Arctice was published in N by Norwegian Magazine, September 2019 issue.
Timber isn't exactly a novel construction material, but today's designer are falling in love with it anew thanks to its sustainably managed, fire-retardant and carbon-capturing properties. Could it be the answer to some of the world's environmental problems?
Consider the work of Finland-based company, Kontio, the world’s largest log home manufacturer. For them, the use of wood in home structures outweighs the performance of any other material, particularly when using Arctic pine from forests close to the Arctic Circle in Northern Finland. They find this species gives the structures added durability and also contains natural antibacterial qualities making it resistant to moisture and mould. In construction, the timber also performs well against fire with its natural humidity protecting it from ignition. Furthermore, the material absorbs carbon dioxide as it grows, a quality that remains impounded in the timber. This provides an added bonus, as no fossil carbons are consequently released into the atmosphere.
Kontio’s log houses are designed to be energy efficient whatever the weather; this means that the low sunlight of the northernmost hemisphere provides the perfect conditions for the solid walls to collect and conserve energy. Additionally, to reduce landfill levels, any shavings and sawdust from the construction process are used as bioenergy, showcasing yet another benefit of using this natural resource correctly.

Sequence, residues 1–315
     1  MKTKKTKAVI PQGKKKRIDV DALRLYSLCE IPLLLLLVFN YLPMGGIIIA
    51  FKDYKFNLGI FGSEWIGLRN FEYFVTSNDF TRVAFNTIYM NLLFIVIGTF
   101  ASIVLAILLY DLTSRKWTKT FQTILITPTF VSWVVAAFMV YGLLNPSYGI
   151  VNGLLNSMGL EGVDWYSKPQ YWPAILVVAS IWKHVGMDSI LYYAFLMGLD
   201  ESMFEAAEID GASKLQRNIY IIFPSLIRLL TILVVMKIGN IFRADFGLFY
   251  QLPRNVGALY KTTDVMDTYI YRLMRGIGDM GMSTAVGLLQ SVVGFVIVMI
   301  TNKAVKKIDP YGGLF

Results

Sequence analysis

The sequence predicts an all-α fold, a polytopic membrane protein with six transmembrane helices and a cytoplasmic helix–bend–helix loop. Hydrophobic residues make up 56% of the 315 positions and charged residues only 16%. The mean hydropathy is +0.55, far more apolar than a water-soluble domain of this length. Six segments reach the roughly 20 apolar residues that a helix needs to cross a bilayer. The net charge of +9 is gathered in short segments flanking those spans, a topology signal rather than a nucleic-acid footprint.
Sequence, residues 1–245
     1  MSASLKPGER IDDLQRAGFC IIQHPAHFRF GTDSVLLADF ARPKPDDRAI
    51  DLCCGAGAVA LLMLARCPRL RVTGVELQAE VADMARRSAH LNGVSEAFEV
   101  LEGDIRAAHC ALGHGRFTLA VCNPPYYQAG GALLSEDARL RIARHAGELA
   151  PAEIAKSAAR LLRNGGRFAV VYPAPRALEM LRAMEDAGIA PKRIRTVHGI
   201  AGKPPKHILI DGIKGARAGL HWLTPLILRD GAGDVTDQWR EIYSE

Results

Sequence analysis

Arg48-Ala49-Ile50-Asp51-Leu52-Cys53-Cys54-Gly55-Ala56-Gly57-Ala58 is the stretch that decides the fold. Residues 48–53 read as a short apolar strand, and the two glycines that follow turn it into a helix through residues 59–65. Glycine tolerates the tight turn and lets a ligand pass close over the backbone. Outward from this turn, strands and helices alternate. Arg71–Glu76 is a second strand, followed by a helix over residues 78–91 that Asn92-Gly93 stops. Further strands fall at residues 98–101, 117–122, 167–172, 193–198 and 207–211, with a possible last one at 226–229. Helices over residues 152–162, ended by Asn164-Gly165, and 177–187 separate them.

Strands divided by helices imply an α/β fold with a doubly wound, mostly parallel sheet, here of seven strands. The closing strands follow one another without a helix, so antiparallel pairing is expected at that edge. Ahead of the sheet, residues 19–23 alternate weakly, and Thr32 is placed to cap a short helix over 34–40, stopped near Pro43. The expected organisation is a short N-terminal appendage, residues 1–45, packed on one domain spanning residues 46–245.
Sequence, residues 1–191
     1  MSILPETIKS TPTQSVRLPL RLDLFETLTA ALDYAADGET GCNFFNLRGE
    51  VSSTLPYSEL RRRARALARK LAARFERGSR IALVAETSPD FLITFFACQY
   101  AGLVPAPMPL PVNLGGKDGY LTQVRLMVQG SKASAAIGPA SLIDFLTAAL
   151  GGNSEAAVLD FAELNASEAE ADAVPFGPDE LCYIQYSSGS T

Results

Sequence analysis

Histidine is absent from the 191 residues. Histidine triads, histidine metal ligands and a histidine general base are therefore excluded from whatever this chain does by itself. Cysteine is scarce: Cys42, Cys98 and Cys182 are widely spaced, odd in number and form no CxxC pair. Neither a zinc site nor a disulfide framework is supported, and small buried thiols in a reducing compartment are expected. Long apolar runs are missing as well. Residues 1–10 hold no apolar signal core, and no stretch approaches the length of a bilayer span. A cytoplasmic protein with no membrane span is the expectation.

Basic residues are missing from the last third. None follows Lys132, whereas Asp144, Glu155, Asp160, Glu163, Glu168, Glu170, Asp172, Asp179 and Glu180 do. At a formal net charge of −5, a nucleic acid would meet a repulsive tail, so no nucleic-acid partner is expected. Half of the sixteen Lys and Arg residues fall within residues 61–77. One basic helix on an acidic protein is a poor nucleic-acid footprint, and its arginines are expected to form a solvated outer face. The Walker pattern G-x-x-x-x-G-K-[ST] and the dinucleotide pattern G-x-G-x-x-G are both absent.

Kontio actively recognises and addresses its impact on the environment. “We only work with sustainably managed forests, and for every tree used we replant 4 to 5 more. We also ensure the forests have minimal interference to allow wildlife to thrive.” says Eino Hekali, the company’s Global Sales Director and also owner of a small forest himself. “Forest is Finland’s green gold, so everyone wants to take good care of it. It is in our genes to look after it.”
Being almost completely recyclable, wood encourages a ‘circular’ mindset, discouraging the ‘throwaway’ ideology that has become so potent in today’s society. “Using the material ensures we adopt this way of thinking,” says Kontio’s Eino Hekali, “it offers longevity in construction as well as being recyclable and reusable, closing the loop to ensure it can stay in the system.” With a proven history of successful forest management, the Nordic region has set an example from which the rest of the world can not only learn but potentially adopt their own system. Perhaps there is still hope yet in saving and maintaining the earth we are privileged to inhabit.
Knock on Wood article was published in n by Norwegian Magazine, September issue. You can find the full article on the page 72-80.